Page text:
Faction warfare in EVE Online is a component of the game which attracts people from across the experience spectrum. On one hand are the old veterans, those who have played the game for years, who may have done faction warfare for years, and who are very familiar with its tactics and nuances. On the other hand, however, are those players who are either new to EVE Online and managed to find their way into one of the militias, and those who may have played the game for a while, but who are very new to PvP in general, and faction warfare is complex PvP in particular. These people want to get more involved in the militia conflict and want to go out there and start losing ships, but they simply don’t really know what they’re doing. If you’re in that second group, if you’re ready to take that first step toward terrorizing the enemy militia, then this is for you.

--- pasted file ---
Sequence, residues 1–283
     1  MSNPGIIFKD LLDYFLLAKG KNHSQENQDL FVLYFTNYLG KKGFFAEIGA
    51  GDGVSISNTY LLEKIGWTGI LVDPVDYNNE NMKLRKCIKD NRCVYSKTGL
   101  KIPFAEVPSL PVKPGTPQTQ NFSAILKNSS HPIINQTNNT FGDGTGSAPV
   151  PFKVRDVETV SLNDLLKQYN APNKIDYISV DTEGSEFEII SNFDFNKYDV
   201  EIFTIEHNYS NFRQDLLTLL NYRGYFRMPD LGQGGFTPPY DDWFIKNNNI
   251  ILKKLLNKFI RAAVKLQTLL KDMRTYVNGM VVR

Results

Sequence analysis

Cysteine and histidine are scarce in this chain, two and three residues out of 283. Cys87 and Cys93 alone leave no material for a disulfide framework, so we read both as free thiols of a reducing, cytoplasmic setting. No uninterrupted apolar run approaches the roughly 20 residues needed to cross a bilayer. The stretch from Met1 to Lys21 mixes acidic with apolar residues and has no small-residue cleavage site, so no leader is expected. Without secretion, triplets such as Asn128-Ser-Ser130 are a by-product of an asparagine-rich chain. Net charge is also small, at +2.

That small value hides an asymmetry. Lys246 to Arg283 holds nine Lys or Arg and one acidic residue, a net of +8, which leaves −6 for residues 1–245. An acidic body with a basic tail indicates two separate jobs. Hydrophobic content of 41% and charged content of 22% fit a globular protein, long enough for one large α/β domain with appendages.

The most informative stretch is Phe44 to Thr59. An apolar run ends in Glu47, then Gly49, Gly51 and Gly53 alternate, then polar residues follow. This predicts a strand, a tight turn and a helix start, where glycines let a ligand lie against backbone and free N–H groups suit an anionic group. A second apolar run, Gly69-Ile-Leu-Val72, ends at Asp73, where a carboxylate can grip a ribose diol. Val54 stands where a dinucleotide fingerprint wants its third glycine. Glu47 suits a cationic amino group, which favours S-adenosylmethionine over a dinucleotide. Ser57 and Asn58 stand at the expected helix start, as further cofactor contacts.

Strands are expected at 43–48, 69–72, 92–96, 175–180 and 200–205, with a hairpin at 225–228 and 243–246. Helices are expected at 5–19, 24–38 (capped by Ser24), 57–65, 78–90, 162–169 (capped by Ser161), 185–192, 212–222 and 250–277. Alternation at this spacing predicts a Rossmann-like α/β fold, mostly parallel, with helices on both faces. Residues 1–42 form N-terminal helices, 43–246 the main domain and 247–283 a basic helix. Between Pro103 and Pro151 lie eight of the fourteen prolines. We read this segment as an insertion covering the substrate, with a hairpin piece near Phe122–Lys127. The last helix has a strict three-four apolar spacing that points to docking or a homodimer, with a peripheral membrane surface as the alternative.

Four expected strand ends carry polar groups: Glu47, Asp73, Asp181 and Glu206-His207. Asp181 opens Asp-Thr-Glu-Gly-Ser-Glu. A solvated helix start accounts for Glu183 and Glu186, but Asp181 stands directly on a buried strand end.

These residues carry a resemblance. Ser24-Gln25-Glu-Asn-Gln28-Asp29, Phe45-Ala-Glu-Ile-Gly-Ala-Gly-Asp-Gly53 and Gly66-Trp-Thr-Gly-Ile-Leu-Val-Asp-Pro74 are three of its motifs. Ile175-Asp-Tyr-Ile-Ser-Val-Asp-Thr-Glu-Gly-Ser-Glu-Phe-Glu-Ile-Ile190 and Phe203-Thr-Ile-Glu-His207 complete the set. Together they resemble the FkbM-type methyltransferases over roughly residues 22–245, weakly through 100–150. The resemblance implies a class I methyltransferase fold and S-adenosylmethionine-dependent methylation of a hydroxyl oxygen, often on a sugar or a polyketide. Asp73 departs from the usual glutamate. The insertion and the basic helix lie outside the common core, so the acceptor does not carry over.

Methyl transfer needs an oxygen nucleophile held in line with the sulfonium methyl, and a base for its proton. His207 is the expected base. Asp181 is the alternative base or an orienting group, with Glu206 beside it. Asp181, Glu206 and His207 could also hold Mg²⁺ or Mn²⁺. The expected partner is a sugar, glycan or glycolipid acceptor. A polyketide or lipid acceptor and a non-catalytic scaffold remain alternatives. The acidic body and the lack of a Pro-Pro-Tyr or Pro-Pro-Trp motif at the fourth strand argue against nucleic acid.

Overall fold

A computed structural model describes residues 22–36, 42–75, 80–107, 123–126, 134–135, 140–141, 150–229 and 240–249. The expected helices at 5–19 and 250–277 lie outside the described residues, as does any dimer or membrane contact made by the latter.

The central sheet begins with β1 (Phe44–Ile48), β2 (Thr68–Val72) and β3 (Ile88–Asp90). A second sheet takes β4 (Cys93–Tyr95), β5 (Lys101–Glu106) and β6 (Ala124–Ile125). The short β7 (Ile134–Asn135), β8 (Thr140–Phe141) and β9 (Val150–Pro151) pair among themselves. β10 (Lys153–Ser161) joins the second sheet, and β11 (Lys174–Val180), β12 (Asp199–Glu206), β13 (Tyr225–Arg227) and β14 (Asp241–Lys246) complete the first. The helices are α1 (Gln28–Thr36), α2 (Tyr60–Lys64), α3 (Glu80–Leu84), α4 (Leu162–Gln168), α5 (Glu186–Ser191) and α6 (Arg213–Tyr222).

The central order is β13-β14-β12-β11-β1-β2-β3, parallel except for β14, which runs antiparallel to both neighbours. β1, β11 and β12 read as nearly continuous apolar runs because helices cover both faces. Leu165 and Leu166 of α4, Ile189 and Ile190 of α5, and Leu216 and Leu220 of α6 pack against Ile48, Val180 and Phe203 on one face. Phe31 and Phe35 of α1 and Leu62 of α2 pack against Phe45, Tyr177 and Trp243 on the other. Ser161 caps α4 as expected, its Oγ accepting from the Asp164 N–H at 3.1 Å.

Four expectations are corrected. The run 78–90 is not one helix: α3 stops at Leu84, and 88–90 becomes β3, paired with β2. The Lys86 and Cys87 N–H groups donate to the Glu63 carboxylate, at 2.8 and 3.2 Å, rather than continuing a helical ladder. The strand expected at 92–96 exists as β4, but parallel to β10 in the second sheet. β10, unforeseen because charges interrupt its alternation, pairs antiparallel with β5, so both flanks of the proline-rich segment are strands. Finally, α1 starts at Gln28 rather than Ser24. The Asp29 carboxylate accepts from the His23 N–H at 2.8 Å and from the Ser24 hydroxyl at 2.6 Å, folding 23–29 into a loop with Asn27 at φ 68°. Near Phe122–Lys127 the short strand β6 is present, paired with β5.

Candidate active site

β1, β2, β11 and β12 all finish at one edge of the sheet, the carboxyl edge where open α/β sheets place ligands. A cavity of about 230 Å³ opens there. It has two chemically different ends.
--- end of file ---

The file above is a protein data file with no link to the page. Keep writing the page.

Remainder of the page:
In last week’s Final Frontier, we talked about how to get started in the militia, what faction warfare complexes are, and what they are for. For now the focus is solely on combat in and around militia complexes, particularly novice complexes; for solo pilots, these tend to be the most active type of complex for a number of reasons, and I am going to assume most of your plexing – or plex hunting – will be done solo, as it tends to be a solo activity. First, they only allow Tech 1 frigates in, which eliminates any worry of people showing up in a ship above your class. Secondly, when you’re roaming around alone, a ship which is hard to catch in gatecamps is a huge plus; frigates are notoriously difficult to snatch in most gatecamps. And lastly, Tech 1 frigates – or even many faction frigates – are very inexpensive, and they are a lot of fun. You need not fear burning too much ISK if you should have a run of bad luck.